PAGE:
Opinion: Time for Progressive Movement and student protesters to do some soul searching

The leaders of the progressive movement said they should win Sunday’s local election contests in a landslide. They fielded delegates across the country, campaigned with high profile former Future Forward personalities, and lost decisively.

On Monday, the leader of the Progressive Movment Thanathorn Juangroongruangkit went as far as apologizing to their supporters for Sunday night’s massacre.

The group fielded 42 candidates for the provincial chief positions in 42 provinces and failed to win a single one.

“We have worked hard and truly realize that even though there are many factors, but the most important factor why we have not won the in any province is because we have not work hard enough, and we were not efficient enough,” Thanathorn said.

“I would like to use this opportunity to say sorry to the people that have supported us on the December 20 election,” he added.

But as Thanathorn himself acknowledged, perhaps the message the Progressive Movement has been a bit too radical for mainstream Thais.

As we have said before in the past [Read more here], the student movement and the progressives that support them would do well to escape the echo chamber that is Facebook and Twitter and venture forth into the world for a little perspective.

While their messages regarding reform of the royal institution and their criticisms of the archaic and draconian lese majeste laws have intellectual merit, perhaps they will realize that the majority of Thais have little stomach for a fight at a time when the economy has sunk and the country remains in emergency mode.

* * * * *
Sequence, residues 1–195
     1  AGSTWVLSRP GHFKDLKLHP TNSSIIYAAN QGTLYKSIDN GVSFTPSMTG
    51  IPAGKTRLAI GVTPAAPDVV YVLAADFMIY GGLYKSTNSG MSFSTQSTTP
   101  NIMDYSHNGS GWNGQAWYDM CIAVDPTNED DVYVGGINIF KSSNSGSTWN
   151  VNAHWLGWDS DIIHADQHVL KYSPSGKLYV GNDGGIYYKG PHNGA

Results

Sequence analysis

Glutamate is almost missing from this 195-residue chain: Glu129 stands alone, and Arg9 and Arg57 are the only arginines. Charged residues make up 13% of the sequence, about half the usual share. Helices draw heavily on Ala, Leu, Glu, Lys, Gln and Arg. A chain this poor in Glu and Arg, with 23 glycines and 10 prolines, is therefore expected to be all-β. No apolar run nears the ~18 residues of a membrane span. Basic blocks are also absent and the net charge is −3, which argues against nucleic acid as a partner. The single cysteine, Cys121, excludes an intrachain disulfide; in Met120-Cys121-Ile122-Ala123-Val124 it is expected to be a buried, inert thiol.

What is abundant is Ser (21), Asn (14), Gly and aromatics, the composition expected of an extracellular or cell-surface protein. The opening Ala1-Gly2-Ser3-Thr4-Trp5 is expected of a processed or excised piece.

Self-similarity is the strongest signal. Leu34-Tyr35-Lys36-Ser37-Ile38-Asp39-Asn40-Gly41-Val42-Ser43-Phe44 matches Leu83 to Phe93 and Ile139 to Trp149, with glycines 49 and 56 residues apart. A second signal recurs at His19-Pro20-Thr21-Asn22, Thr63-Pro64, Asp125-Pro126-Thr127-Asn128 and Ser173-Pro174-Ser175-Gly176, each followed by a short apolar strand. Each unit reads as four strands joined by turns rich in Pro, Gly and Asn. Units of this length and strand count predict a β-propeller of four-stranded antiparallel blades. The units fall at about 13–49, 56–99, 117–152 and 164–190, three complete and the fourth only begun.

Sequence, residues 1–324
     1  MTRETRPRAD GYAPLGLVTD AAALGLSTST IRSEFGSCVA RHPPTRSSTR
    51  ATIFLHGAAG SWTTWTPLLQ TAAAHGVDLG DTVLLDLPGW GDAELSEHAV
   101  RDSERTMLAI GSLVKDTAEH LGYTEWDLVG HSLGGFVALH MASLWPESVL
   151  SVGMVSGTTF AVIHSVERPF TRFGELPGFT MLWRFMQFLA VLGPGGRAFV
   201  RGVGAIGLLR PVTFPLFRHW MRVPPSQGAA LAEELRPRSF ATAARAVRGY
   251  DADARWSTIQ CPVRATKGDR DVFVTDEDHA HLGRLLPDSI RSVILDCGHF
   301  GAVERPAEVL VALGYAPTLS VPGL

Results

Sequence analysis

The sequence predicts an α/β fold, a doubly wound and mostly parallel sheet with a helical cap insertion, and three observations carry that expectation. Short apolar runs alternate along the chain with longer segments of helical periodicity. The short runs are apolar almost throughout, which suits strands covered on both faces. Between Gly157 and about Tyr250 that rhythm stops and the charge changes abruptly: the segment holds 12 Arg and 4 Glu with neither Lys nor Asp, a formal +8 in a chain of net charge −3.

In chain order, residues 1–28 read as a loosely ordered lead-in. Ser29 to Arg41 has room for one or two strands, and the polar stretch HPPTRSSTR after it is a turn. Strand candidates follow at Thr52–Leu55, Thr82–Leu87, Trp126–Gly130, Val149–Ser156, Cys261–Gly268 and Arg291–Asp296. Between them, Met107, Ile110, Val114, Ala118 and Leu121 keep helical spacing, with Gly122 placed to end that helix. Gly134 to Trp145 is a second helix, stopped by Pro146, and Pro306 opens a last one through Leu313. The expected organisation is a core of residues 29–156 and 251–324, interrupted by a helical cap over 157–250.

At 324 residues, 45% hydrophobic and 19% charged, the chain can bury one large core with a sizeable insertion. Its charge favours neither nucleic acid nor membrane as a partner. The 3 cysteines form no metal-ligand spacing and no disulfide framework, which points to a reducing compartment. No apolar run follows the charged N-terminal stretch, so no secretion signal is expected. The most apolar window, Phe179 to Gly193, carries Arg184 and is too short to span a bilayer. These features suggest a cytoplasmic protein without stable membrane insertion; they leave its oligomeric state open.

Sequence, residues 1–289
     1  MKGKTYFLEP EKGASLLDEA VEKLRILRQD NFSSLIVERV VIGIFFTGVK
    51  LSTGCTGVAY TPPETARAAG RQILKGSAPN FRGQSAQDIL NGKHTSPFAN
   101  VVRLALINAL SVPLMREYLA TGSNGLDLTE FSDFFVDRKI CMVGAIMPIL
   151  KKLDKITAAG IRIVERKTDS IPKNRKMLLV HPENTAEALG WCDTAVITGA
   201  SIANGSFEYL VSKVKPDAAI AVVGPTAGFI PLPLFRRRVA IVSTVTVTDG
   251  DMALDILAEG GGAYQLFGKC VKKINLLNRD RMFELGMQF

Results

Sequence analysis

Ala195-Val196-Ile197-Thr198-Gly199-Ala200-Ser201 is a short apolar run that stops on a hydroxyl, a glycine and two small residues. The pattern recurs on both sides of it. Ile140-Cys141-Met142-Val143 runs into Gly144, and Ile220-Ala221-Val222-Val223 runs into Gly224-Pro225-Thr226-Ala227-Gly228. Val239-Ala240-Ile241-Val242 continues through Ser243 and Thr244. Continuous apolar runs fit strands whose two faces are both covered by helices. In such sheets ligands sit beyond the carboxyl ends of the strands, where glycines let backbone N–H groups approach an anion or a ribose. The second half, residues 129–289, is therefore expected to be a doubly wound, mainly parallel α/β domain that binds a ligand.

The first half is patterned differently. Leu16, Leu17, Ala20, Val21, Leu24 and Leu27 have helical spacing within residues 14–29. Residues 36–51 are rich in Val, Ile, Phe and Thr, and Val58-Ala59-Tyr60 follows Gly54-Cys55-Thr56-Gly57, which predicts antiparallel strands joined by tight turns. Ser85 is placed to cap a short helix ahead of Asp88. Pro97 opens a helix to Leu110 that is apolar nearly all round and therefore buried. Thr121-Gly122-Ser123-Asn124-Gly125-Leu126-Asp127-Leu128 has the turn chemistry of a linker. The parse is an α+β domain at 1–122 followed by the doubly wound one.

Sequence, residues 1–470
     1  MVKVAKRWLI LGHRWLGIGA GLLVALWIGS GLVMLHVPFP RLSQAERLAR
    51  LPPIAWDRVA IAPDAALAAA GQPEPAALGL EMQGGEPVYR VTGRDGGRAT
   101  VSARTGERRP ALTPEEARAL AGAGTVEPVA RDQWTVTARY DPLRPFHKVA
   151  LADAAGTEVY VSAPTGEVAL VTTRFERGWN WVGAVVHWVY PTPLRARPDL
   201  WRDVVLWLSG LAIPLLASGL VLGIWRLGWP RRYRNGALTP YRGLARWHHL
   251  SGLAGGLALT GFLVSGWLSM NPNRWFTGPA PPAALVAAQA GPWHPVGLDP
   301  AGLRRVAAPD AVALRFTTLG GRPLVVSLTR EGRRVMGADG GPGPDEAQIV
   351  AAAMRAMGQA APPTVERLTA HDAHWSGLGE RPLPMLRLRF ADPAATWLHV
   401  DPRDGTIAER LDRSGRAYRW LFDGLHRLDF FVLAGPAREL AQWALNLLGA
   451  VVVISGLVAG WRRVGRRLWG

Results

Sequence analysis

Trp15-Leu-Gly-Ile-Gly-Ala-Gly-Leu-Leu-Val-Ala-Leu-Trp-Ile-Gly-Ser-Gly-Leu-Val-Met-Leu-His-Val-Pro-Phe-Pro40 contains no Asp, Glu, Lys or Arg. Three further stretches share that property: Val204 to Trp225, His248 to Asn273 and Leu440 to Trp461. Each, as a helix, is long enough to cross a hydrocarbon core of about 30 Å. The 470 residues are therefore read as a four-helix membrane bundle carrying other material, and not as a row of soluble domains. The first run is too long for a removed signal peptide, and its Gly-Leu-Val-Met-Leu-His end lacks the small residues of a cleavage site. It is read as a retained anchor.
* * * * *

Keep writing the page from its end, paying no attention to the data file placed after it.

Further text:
If the students had taken the popular support that they had in July and August and concentrated on criticisms of the Prayut government, its corruption, its economic mismanagement and its moral failings then the base of support they had would have only grown.

Instead the Progressive Movement and the students became more radical, emboldened by each other and the lack of consequence and pushed away neutral, or even sympathetic conservative Thais.

Now, with support for protests waning, infighting between student groups, low rally numbers and a decisive electoral defeat, some soul searching must be done by the leaders of the Progressive Movement and the student protest groups.

It is not too late to shift the conversation back to the economy, back to the mismanagement of Covid-19 which is now seing a resurgence, and back to a message that the majority of Thai people can get behind.

In politics, it is about making the most allies you can make, not dogmatic intellectual pursuits (no matter how righteous) that dwindles your support.

It is time for students and Thailand’s youth to get of Twitter, venture into union meetings and areas of economic destitution and listen to how they can lend their support and amplify the voices of those really suffering.

Additional reporting by Erich Parpart.


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